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Livestock Shipping in North Verulam and Other Memories from Bury’s Green

March 29, 2024

Murray Walker leading a bull at his family's farm, 1964

By Murray Walker

Murray Walker (1932-2008) was a North Verulam farmer, living near Bury’s Green. He was always interested in the history of his community, and had a great memory for the local stories and genealogy.

Livestock shipping in significant quantities from North Verulam began around 1900 when most farmers on the concessions shipped cattle, sheep and pigs to Fenelon Falls’ C.N.R station, where they were loaded on the train to the Toronto Stock Yards. Farmers would drive or lead animals to Fenelon Falls to ship on the train. Hogs and sheep were loaded on sleighs or wagons in season and drawn by teams of horses. The train connected Lindsay via Cameron to Haliburton and Kinmount once or twice a week. Having gone from Lindsay to Haliburton in the morning, it returned to Lindsay in the afternoon. There was a coach for passenger travel, plus flat cars for lumber, pulp wood, firewood, railway ties, fence posts, etc.

There was a cheese factory at Fairbairn where local farmers shipped whole milk in spring, summer and fall. There was also a cheese factory at Red Rock, near Sturgeon Lake. In the early days of the township, the waterway was the main route for travel, which was from Trenton through the Kawartha Lakes to Lake Simcoe, including Lake Scugog and the Scugog River; also to the north, a route to Coboconk.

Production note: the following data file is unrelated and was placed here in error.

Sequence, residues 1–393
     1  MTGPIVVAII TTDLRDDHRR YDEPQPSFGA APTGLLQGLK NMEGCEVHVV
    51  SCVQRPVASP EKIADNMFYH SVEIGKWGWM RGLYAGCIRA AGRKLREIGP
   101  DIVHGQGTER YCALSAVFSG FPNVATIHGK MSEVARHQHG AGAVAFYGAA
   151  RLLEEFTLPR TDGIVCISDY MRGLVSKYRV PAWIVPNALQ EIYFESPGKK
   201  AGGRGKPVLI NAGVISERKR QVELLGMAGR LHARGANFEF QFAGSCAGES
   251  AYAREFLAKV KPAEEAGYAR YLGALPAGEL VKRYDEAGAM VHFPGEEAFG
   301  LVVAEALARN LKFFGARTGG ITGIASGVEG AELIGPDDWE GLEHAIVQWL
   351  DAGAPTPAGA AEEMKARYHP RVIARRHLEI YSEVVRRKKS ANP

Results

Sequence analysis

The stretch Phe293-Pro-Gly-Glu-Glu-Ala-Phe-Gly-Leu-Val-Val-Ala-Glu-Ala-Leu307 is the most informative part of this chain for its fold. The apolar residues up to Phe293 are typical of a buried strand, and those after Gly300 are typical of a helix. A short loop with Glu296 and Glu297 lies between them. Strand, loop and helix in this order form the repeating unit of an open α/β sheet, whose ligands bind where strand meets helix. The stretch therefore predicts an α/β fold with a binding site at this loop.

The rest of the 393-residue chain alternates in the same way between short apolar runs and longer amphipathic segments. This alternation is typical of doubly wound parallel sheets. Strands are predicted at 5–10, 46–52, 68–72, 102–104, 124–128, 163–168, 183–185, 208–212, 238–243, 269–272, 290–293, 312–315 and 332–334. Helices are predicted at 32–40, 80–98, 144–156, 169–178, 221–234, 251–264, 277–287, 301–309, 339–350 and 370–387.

In the early days of Verulam Township, the Langtons, Dunsfords and Junkins were among the pioneers. Also Mossom Boyd who had an extensive lumber business and shipped pine trees for ship’s masts, 75+ feet tall to England down the Trent River from Sturgeon Lake through Bobcaygeon and Pigeon Lake to Buckhorn, then Peterboro and Rice Lake to Trenton via the Trent Valley Waterway. There are still a few pine stumps in fence rows with extensive roots approximately 8 feet in diameter or larger on the farms in North Verulam.

It is reported that the good brick houses and hip roofed barns were paid for partially by revenue from selling milk to cheese factories. Charles Junkin and James Southam reported that local buildings would compare favourably to any rural area in the world. It was also reported that all parts of North Verulam Township were served by businesses in Fenelon Falls and Bobcaygeon that had egg wagons picking up eggs in the summer by single, commercial horses. For example, W.M. Brandon of Fenelon Falls drove a horse and wagon, picking up crates of fresh eggs from farms before he opened his hardware store in Fenelon Falls at 9 am in 1915.